Ironically enough, Roy was pondering that same decision - NBA or college - coming out of Garfield High School. "He (Webster) has a chance to be a high first-round draft choice," said Washington Head Coach Lorenzo Romar. "When Brandon did it, it didn't hurt him to try. They are two different situations."

Romar acknowledged Monday that Webster frequently contacts him about the draft and solicts his advice about going or staying. "As with Nate (Robinson) and Brandon, it's all about the facts," Romar said. "We try and get him the facts and the most realistic information we can."

That information has Romar thinking big for his potential backcourt star. "I think he would definitely go in the first round and it won't be late in the first round," he said of Webster's draft status.

While Martell's feedback has been getting more and more positive by the day, Roy's feedback from the league had him going in the second round. "Maybe there are some things I could have done at a camp or individual workout to push me up to the first round, but that's all speculation," he said. "I'm just looking forward to coming back next year and showing them what I can do on the floor."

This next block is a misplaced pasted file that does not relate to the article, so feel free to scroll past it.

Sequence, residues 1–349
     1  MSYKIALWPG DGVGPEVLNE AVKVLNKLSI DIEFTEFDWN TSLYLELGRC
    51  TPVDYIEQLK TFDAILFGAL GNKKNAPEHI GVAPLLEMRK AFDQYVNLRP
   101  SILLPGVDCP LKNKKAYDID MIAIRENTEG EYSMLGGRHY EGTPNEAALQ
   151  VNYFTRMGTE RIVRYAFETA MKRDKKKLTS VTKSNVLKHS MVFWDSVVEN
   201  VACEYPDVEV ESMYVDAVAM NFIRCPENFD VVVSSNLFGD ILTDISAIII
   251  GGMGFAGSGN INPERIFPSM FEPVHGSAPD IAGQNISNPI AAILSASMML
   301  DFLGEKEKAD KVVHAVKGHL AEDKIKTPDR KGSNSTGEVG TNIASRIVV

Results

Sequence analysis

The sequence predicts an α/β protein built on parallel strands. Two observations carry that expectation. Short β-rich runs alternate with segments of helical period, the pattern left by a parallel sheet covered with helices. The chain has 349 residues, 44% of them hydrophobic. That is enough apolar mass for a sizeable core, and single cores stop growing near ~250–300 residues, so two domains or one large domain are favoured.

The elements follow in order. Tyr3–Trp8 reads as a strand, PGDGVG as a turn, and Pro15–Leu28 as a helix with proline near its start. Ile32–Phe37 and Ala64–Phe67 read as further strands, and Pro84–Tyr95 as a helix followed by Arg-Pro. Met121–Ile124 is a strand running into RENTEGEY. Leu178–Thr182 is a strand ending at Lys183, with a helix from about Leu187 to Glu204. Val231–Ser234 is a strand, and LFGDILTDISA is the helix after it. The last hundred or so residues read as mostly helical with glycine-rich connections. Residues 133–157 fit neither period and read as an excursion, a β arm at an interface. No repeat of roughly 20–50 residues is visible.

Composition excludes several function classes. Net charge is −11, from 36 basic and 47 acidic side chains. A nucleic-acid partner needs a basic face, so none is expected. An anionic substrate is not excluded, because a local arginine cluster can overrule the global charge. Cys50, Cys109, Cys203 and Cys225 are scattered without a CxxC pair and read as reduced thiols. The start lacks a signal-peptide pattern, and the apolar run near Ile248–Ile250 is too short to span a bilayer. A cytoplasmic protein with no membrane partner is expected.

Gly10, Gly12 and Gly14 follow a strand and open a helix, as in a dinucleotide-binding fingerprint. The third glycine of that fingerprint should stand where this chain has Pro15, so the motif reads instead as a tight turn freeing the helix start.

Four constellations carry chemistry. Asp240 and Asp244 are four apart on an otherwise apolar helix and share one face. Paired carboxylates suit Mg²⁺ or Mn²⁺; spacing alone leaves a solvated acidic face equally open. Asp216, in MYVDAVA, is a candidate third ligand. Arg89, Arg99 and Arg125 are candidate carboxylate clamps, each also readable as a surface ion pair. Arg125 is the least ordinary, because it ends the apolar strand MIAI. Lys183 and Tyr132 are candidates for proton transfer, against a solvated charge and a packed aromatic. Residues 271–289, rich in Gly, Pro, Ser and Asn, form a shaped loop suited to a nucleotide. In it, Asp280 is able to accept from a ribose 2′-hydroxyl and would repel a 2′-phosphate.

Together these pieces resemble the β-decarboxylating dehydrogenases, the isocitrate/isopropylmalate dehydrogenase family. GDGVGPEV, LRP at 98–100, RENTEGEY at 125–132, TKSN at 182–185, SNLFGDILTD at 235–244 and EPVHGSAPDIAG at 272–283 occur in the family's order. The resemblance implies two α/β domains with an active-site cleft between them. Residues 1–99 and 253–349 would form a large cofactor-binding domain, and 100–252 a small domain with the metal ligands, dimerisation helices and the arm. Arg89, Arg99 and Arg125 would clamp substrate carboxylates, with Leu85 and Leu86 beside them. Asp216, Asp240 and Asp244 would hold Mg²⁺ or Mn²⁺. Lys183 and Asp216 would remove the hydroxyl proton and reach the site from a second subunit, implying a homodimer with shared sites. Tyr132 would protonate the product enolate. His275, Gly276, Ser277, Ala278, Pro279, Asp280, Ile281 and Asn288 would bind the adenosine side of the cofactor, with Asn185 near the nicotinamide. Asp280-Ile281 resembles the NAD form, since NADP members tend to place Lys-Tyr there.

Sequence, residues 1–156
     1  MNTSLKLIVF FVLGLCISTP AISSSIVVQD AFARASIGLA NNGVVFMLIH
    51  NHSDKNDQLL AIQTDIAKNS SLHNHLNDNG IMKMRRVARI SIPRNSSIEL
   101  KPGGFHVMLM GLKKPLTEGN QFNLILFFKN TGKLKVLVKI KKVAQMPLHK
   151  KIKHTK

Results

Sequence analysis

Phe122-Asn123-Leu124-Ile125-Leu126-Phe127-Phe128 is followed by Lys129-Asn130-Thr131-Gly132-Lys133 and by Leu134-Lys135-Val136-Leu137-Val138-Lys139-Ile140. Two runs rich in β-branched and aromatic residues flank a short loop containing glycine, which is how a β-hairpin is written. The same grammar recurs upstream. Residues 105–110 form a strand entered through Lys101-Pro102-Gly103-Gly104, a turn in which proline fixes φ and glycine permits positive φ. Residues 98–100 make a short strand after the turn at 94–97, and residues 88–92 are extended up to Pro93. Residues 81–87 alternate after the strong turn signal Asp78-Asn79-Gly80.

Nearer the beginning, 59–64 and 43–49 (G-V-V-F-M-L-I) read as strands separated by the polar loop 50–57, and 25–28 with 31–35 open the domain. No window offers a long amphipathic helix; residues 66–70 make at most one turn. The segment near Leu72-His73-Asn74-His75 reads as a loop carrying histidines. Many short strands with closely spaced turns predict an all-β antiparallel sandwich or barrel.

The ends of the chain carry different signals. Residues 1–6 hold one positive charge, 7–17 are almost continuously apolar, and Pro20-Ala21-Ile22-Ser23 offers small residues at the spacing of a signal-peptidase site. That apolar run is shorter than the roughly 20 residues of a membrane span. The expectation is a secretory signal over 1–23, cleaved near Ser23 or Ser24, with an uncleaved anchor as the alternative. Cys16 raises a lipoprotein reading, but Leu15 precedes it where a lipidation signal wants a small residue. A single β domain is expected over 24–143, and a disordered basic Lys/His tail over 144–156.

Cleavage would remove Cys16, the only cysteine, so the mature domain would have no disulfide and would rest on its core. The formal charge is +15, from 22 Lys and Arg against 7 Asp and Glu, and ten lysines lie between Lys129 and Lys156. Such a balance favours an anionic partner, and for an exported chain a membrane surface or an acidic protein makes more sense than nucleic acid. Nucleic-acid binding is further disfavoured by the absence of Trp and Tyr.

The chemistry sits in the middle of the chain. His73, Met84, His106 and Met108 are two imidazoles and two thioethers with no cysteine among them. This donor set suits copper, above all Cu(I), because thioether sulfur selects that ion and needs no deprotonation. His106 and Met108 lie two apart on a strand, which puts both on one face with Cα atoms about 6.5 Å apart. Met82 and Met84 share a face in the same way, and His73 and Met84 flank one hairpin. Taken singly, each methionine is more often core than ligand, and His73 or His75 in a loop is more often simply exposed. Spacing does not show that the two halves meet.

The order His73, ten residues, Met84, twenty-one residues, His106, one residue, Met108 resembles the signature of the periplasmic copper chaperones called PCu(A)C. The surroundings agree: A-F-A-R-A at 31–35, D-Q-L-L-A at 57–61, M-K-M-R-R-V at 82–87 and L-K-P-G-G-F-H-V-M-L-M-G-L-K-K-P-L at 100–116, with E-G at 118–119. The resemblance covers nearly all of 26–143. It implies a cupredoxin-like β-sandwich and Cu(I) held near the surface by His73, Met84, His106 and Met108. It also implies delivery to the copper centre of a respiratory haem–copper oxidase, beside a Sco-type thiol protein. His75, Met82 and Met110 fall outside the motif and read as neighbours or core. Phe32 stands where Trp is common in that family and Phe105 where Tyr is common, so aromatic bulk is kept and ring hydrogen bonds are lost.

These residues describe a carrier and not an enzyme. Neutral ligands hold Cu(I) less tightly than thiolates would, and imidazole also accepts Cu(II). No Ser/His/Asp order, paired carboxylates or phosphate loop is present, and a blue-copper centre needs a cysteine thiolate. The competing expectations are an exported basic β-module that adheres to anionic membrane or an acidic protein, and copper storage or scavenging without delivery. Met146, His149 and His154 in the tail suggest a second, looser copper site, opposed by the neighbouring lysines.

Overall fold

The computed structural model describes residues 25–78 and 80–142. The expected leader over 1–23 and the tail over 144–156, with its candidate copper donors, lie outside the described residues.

In the past two seasons, Brandon has averaged roughly 13 points and five rebounds a game. The difference between his sophomore and junior campaigns was that he missed a number of games this past year with a knee tear. While he claims the knee didn't factor into his decision, it seems clear that it didn't help scouts out when determining his place in this years' draft.

What also became clear on Monday is that Roy took the big picture into account when making his decision. "He could have gone to a number of other universities with a lot more tradition," Romar said, going back to the days when Brandon had signed a letter of intent to play for former UW Head Coach Bob Bender. "Washington was not winning at the time, but he thought it would be a great challenge to stay right here and do his part to build this program to where it would be nationally recognized.